End quote.

It took until March 1991 for investigators to really begin to consider the possibility

that Donna was the victim of a crime.

Three months after Donna vanished, then-Chief Kruger told the Star Tribune that there were

three possibilities.

She got disoriented and wandered into rough terrain and died there.

She hitched a ride somewhere, or she was the victim of foul play.

But with no evidence or clues, investigators were stuck, still not knowing if they had

a crime on their hands.

Donna’s case remained at a standstill for the coming months, and things were only further

frustrated in July, when Gary died by suicide.

Since Gary was the last person to see Donna that December night, his death was a huge

blow to the investigation.

If there was anything that Gary had neglected to tell police about the night she vanished,

that information died with him.

And it left the community wondering what led to Gary making such a decision.

Was he driven by a shattered heart or a guilty conscience?

There were plenty of people who truly didn’t think Gary had anything to do with Donna’s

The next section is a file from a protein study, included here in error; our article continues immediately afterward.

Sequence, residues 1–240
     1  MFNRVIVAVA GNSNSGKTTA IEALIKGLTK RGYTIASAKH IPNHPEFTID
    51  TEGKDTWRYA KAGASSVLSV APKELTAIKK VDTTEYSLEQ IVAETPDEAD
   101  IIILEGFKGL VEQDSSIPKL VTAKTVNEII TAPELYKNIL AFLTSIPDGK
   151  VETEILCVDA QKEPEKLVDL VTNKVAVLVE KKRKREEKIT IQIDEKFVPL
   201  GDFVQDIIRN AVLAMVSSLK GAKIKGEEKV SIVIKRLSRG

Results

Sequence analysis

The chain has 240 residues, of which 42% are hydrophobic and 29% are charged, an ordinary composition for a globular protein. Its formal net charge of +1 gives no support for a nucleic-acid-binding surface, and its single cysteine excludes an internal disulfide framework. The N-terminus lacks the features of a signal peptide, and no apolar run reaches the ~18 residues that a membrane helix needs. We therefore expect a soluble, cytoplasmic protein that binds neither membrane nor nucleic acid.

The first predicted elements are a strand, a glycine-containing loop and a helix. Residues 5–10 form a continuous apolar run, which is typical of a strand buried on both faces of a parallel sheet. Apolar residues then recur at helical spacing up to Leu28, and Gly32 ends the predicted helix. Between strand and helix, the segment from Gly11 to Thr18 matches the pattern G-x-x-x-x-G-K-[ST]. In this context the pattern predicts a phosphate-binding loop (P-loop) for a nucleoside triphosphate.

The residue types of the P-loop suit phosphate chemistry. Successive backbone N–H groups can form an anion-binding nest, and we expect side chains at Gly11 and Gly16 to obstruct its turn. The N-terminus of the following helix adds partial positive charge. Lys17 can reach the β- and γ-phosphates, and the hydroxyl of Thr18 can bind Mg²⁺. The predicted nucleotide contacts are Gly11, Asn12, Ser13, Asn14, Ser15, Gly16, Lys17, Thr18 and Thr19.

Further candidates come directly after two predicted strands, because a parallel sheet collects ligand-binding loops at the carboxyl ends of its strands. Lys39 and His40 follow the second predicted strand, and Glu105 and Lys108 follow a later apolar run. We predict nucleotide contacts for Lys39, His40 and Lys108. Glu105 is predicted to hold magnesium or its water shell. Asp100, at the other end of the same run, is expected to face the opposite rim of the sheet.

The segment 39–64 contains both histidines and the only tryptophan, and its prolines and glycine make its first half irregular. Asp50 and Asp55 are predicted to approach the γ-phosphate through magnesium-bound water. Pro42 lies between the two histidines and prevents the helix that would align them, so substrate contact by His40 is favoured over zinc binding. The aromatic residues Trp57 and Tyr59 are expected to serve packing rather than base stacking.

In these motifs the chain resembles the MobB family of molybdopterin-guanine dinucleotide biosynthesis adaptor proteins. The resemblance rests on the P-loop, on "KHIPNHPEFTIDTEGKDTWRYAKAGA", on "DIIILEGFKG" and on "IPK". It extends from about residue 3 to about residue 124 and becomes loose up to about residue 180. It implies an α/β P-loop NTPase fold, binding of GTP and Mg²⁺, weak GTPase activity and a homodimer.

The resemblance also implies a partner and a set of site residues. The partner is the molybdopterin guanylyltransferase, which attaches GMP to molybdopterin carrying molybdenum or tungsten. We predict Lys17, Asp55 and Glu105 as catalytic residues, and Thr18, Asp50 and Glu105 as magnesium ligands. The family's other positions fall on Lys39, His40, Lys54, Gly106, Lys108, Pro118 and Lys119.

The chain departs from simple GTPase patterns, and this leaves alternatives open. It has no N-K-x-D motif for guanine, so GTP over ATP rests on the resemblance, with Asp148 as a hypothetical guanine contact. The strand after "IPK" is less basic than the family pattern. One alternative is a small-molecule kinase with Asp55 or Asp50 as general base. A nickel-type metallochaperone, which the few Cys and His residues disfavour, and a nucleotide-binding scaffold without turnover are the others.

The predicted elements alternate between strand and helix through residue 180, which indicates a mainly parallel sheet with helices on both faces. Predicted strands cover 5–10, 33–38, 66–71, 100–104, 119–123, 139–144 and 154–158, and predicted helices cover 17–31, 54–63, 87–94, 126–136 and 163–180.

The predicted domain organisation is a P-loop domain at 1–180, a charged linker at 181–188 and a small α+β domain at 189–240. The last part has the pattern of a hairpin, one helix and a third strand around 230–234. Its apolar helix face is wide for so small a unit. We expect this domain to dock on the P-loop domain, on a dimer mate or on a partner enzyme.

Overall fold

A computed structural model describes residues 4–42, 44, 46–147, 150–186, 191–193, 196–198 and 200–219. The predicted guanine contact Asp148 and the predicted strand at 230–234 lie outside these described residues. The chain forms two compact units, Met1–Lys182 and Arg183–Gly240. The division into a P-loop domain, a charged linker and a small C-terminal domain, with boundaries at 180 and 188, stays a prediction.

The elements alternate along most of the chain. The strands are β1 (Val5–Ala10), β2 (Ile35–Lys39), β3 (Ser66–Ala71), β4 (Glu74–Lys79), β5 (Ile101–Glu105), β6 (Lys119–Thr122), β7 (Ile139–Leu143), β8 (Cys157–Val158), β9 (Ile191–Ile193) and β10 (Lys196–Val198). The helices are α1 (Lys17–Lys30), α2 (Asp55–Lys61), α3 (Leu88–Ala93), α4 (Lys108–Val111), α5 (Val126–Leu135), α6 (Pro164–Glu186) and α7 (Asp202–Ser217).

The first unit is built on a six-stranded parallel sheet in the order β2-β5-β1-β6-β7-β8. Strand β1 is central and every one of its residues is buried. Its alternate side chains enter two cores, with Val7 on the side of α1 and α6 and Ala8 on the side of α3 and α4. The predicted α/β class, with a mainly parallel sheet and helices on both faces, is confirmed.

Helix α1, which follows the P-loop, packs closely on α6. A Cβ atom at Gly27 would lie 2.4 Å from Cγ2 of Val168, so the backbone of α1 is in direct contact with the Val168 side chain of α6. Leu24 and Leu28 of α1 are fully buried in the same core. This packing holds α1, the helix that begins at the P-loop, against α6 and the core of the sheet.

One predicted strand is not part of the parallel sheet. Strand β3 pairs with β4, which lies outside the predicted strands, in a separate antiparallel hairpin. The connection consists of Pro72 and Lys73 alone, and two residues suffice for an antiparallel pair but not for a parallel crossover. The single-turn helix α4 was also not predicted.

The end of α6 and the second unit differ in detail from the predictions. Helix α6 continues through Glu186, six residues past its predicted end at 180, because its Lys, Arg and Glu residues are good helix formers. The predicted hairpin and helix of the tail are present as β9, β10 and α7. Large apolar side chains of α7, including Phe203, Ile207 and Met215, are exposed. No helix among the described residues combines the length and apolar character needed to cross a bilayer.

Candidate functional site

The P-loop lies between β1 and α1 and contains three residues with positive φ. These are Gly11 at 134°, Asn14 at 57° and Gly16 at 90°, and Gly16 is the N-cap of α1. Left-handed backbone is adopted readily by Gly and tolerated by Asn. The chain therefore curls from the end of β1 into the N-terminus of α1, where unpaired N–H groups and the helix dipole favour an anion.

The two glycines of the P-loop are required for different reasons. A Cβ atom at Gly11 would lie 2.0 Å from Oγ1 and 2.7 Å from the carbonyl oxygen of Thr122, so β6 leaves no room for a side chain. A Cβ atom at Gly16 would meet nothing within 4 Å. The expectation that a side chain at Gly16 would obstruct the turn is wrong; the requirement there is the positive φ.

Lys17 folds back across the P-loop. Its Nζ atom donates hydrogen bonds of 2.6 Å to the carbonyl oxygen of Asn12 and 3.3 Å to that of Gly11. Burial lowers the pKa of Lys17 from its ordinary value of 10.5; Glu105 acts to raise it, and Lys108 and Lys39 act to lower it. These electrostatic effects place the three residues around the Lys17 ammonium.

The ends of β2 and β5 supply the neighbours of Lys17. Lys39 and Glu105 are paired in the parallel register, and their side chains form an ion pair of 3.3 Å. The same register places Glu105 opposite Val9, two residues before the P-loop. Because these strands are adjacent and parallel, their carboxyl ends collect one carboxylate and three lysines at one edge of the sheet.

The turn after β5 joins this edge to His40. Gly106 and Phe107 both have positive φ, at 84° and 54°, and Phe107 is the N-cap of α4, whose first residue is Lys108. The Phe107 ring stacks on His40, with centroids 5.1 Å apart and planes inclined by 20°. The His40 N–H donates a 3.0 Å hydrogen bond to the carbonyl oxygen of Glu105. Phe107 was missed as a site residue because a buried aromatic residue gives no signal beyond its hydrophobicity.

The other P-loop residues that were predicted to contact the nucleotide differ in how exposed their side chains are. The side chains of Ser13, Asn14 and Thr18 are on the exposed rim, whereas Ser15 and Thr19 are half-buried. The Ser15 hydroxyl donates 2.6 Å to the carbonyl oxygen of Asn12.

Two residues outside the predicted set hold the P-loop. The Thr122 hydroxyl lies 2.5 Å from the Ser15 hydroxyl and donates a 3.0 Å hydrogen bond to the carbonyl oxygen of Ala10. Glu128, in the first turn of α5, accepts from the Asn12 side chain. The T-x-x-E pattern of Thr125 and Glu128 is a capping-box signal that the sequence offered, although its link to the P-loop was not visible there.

Her best friend Mary told Winona Daily News that she didn’t think Gary would ever hurt


She said, quote,

She would always talk about him.

I think she loved him, and he really loved her, end quote.

Mary also noted that Gary and Donna had big plans for their future, such as possibly publishing

a children’s book that they had been writing together before she disappeared.

After Gary’s death, Donna’s case went ice cold.

There were a few tips here and there, supposed sightings and such, but nothing that ever

panned out.

The next big push in her case didn’t come until 2006, when authorities tried using social

media to get her story out there, but that didn’t really amount to anything noteworthy


So when Chief Warren’s Cold Case Board finished reviewing Donna’s case in 2012, they were

ready to make some big moves.

Two decades was far too long for any case to sit essentially stagnant like that.

And once word got out that the police department was reexamining Donna’s case, tips actually

came flooding in.

They got a psychic tip that Donna was in a wooded area well lit by the moon, but they

also got another psychic tip that was more specific and easier to investigate.

The tipster said that they felt Donna was behind the National Guard post in Wabasha

along Highway 61.

Now this tip was interesting because Chief Warren was already thinking about searching

that area.

He basically took this tip as the push he needed to get a search in motion.